This product is very useful in areas with tightly-packed houses. __________
This product solved a problem with communication. __________
Complete the table of words from the text with the missing forms.
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Which verbs from exercise 3 have the following meanings?
give someone something that they want or need __________
begin to understand something that you did not know or notice before __________
give someone the enthusiasm to do or create something ___________
recognise something and understand exactly what it is ___________
express thoughts, feelings, or information to another person __________
put a drug or another substance into your body through the skin, using a needle and a
syringe _________
7 spend your time and effort doing something _________________
8 limit someone’s freedom to do what they want ___________
Use the correct form of a noun or verb from exercise 3 to complete the
1 The __________ for a new idea can be the __________ of a problem that needs solving.
2 The video Marc Koska saw included someone giving __________ to several people with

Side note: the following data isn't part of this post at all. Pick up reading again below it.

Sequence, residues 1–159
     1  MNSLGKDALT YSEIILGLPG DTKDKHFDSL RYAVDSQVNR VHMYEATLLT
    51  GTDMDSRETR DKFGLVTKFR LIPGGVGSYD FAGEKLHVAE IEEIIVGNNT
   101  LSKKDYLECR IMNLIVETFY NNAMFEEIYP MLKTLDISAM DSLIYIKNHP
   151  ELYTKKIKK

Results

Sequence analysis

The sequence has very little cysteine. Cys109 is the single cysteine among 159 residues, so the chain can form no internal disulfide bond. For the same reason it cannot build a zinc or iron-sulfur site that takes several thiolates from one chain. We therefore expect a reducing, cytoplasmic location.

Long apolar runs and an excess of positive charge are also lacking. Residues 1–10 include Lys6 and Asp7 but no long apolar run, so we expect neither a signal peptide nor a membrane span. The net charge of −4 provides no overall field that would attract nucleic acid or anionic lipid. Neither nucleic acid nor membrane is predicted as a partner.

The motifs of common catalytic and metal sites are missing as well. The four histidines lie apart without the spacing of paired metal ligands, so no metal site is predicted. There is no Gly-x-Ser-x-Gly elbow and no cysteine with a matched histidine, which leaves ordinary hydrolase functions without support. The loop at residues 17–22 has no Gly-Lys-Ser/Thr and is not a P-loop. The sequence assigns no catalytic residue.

the same syringe.
3 Major charities are often in charge of the __________ of emergency relief.
4 Marc Koska __________ that many people were dying because of the reuse of syringes.
5 You need to __________ a lot of time to research and __________ your ideas clearly to
6 Lack of money can __________ what you are able to.
6 Find the expressions below in the text and match them to the definitions below.
bounce back
come up with
think outside the box
take into consideration
work out
1 find new ways of doing things, especially of solving problems __________
2 think about a particular fact or detail and allow it to have some influence when you are
making a decision __________
3 think of something such as an idea or a plan __________
4 become healthy, happy, or successful again after something bad has happened to you
5 be successful, or to end in a particular way __________
Choose one of the three bright ideas from the text and prepare a minipresentation to ‘sell’ your product to the government of a developing country.
bleach (noun) – a strong chemical used to kill harmful bacteria or to make coloured things white
innovative (adj) – new, original, and advanced innovation (noun)
scarce (adj) – if something is scarce, there is not very much of it
shanty town (noun) – an area where very poor people live in badly built houses made from sheets of
wood, metal, or other thin material
spring (noun) – a long thin piece of metal in the shape of a coil that quickly gets its original shape
again after you stop stretching it
syringe (noun) – a needle fitted to a plastic tube, used for taking blood from your body or for putting
medicine or drugs into it
transform (verb) – change, usually for the better
This page has been downloaded from www.macmillanglobal.com
It is photocopiable, but all copies must be complete pages. Copyright © Macmillan Publishers Limited 2011.